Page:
Ace of Cups – 60s Girl Band Reunites

Ace of Cups – 60s Girl Band Reunites

From 1967-1972 Ace of Cups shared billing with Jimi Hendrix, The Band, Grateful Dead, and Mike Bloomfield, to name just a few. The all-girl group was smack dab in the middle of the psychedelic Haight-Ashbury scene. 

Ace of Cups band members with OGSR’s Stephen Smoke (far right)

Last year, more than 50 years after getting together, the band released its full-length debut studio album to widespread critical acclaim, including features on NPR All Things Considered and CBS This Morning. The album was produced by Dan Shea (Mariah Carey, Santana, Jennifer Lopez) and features contributions from long-time friends of the band, including Bob Weir (Grateful Dead), Jorma Kaukonen and Jack Casady (Jefferson Airplane, Hot Tuna), Taj Mahal, Buffy Sainte-Marie, Peter Coyote, and Steve Kimock.  

But it’s not just about the old days with Ace of Cups. The group has a new album coming out this summer and the list of contributing writers and musicians (including Bob Weir) reads like a wall at the Rock and Roll Hall of Fame.

Read more about the band here: Ace of Cups claim their rightful place in rock ‘n’ roll history and rekindle the hopes of a different time

Old Guys Still Rockin plans to do a lengthy piece on this ground-breaking band, so stay tuned. 

Passion’s When You Can’t NOT do it

Passion’s When You Can’t NOT do it

By Hamilton Caine

I often hear people talk about their passion for writing and for music. Yet when I ask them what they’re doing to pursue that passion, there’s usually a shoulder shrug followed by a common complaint: “I’m too busy,” people say. “If I just had a little more time…” As though this were the sole criterion that separates the successful from the unsuccessful. That’s like saying, “The only thing that separates me from some world-class brain surgeon is that he had more free time on his hands.” Really…

I know people with nothing but time on their hands. If free time were the key to success, they would be multi-billionaires. Ironically, they are often the people who get the least done.

My experience is that people make time for what they really want to do. Remember when you were in the early stages of a romantic relationship? Even if you were too busy to get together, you at least made time to make a phone call to let the other person know you were thinking of them. You make time for what you care about, even if you have “no time.”

Passion’s when you “can’t NOT do it.” Yes, I realize that’s a double negative, but it makes a point. People who have a genuine passion for something make time for it. They can’t help themselves. It’s really important to them. They’ll watch fifteen minutes less TV and learn pentatonic scales on YouTube. They’ll write lyrics on the subway to and from work. They sign up for an online song writing course instead of watching the politicians they voted for hammer the politicians they voted against.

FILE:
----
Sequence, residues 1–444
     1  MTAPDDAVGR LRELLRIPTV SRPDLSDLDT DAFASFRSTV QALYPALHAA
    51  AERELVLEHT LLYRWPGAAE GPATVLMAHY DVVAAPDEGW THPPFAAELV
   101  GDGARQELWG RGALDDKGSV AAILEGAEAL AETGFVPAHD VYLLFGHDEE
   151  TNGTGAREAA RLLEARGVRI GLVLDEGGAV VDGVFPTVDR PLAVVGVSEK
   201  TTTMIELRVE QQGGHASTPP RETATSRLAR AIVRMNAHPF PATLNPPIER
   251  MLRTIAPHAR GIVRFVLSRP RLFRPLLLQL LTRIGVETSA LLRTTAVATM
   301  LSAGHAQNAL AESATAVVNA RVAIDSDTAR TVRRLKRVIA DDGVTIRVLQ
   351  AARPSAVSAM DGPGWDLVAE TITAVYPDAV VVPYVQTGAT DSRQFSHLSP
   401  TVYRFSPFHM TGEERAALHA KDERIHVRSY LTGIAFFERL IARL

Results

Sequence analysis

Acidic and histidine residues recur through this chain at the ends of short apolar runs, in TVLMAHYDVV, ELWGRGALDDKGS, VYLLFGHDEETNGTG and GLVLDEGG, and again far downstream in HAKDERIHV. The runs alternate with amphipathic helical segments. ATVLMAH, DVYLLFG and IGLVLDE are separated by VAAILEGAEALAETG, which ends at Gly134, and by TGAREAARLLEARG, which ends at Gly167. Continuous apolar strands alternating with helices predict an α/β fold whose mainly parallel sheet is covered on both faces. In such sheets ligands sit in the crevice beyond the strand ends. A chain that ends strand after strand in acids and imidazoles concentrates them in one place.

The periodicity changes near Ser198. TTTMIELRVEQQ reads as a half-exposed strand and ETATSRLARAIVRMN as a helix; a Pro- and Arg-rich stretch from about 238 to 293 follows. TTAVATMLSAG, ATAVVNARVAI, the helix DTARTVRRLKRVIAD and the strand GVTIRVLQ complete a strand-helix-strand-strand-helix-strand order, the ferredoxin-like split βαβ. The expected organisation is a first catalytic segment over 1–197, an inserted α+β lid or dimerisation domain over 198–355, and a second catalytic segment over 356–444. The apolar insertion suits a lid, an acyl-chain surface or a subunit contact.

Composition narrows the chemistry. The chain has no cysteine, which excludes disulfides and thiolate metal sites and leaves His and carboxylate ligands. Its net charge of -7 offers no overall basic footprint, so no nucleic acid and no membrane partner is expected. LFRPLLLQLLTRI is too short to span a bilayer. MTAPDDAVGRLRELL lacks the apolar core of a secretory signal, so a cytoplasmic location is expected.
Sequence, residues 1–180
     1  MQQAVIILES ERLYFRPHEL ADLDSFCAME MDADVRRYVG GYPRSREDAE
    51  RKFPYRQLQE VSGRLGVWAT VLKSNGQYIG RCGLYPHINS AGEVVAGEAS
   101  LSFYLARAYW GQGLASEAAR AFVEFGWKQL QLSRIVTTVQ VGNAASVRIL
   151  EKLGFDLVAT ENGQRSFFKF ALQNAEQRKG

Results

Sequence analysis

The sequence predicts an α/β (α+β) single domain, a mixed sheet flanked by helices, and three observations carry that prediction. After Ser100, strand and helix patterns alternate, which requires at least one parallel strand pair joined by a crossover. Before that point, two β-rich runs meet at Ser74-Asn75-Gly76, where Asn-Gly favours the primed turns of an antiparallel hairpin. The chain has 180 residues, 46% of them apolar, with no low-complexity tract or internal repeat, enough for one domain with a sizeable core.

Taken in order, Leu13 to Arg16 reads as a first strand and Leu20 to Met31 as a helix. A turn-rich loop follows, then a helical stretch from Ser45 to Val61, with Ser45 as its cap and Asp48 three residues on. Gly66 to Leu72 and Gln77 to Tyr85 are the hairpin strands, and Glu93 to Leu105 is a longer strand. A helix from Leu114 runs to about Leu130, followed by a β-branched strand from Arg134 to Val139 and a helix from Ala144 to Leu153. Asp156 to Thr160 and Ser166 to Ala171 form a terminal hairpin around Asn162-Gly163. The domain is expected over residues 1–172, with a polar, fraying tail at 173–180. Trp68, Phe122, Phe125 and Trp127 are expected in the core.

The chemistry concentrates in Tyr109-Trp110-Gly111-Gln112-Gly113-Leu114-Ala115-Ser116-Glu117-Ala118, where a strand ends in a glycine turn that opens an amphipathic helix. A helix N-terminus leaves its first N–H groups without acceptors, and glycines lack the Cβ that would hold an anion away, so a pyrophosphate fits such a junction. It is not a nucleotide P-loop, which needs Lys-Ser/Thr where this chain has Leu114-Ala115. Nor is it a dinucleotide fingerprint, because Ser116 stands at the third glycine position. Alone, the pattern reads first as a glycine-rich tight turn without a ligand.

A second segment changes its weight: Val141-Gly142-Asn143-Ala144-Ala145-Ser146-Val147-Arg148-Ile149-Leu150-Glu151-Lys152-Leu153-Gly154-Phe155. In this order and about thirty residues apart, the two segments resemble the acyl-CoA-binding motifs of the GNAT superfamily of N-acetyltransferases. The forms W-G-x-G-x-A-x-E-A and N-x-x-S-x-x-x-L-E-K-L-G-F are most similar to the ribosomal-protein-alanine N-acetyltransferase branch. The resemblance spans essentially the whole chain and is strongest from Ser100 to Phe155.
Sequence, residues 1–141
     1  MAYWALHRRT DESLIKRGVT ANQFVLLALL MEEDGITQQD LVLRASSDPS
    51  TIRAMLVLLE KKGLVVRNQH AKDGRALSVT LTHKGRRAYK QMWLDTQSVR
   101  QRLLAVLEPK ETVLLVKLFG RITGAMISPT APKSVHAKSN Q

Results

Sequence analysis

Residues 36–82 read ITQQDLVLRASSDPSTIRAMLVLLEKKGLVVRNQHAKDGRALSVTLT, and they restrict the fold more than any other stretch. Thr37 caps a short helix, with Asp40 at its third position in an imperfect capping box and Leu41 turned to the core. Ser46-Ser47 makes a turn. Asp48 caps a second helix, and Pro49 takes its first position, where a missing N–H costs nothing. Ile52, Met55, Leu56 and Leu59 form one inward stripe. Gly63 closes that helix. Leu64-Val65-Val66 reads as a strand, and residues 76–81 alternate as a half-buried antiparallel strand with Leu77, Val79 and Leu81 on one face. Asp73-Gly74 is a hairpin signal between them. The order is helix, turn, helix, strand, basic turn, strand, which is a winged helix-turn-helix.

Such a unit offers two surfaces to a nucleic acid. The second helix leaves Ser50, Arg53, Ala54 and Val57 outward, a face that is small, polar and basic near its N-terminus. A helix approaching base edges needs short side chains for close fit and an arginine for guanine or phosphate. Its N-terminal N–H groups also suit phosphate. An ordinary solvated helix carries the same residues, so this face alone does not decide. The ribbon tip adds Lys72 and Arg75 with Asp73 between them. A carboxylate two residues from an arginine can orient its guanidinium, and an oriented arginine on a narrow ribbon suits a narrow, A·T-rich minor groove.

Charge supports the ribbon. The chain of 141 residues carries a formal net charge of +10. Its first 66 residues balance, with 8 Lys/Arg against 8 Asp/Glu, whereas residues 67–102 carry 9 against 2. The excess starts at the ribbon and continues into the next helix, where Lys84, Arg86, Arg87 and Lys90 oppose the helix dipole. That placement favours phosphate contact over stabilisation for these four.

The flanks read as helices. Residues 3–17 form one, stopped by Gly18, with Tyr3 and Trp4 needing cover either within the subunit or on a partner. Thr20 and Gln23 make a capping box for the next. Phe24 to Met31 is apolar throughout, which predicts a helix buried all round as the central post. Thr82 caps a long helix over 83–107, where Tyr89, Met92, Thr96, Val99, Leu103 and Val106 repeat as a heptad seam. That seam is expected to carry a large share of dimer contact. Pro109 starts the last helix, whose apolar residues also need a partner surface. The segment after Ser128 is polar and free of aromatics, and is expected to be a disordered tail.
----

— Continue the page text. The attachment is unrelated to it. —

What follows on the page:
If you’re lucky enough that some of your passions have survived the onslaught of digital distractions and sensory overload, cherish them. Nourish them. Make time for them.

Our passions are what make us feel most alive.

Doyle Dykes Signature Godin Guitar

Doyle Dykes Signature Godin Guitar

I’ve got to say right off that I’m prejudiced about this guitar, this brand and this artist. I purchased my first Godin after seeing Doyle Dykes perform at a mini concert in North Vancouver, B.C. in the fall of 2016. There were about 30 of us gathered inside the Prestige Guitar store and we were mesmerized by Dykes’ playing. At the end of the night the guitar players in the crowd felt one of two ways: Either you felt inspired, or you felt like going home and burning your guitar because you knew you could never play that well. I was inspired and I bought my guitar a couple of days later. In fact, it was the same guitar Dykes had played that night. (Unlike this Signature model, my guitar has a 13-pin output. See review.)

The Doyle Dykes Signature Multiac Steel comes with tons of tonal possibilities, including a custom-voiced LR Baggs system, which offers the possibility of blending an LB6 saddle transducer with a Lyric microphone. The top wood is solid spruce, while the back, sides and neck wood is mahogany. This model also includes the famous finger-style player’s signature White Rose inlay at the 12th fret.

I also do most of my song writing with my Godin. It sounds great through an amp or just unplugged. If you enjoy playing a good guitar, and you haven’t played a Godin yet, do yourself a favor and try one. They’re not inexpensive, but they are reasonably priced and an incredible value for what you get. 

For more information about this guitar click here to go to the Godin site. 

You can also listen to Dykes demonstrating this guitar.